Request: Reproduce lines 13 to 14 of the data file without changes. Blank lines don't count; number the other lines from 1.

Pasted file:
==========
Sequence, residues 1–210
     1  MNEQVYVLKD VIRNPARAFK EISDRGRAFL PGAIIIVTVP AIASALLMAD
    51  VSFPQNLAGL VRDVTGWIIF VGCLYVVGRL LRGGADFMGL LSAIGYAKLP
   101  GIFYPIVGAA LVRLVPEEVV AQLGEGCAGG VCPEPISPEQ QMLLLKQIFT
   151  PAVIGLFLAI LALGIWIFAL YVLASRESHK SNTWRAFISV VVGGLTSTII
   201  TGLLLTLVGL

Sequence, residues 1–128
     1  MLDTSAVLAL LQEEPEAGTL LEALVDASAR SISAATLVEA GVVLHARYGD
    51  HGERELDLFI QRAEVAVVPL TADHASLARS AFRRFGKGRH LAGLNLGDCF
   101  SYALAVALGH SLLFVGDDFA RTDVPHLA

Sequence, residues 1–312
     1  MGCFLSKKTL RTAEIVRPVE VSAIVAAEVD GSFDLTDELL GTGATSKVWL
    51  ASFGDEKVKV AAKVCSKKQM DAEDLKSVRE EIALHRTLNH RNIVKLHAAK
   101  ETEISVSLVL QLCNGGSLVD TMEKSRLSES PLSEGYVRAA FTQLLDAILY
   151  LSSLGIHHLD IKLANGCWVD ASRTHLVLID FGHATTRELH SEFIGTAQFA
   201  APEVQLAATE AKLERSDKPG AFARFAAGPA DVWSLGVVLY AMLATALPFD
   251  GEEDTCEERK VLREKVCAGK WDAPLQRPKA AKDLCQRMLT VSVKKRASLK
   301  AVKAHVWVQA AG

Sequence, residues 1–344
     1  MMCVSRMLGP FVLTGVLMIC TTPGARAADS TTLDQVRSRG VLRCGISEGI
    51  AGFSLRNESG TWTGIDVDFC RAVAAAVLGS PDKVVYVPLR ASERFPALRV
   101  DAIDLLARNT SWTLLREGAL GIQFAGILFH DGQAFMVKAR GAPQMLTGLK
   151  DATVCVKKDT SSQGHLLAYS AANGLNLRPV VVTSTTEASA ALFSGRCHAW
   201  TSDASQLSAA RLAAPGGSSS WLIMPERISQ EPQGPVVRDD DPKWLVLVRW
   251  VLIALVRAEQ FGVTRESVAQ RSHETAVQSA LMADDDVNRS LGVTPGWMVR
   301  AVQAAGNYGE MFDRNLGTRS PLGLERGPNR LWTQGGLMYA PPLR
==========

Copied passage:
    51  ASFGDEKVKV AAKVCSKKQM DAEDLKSVRE EIALHRTLNH RNIVKLHAAK
   101  ETEISVSLVL QLCNGGSLVD TMEKSRLSES PLSEGYVRAA FTQLLDAILY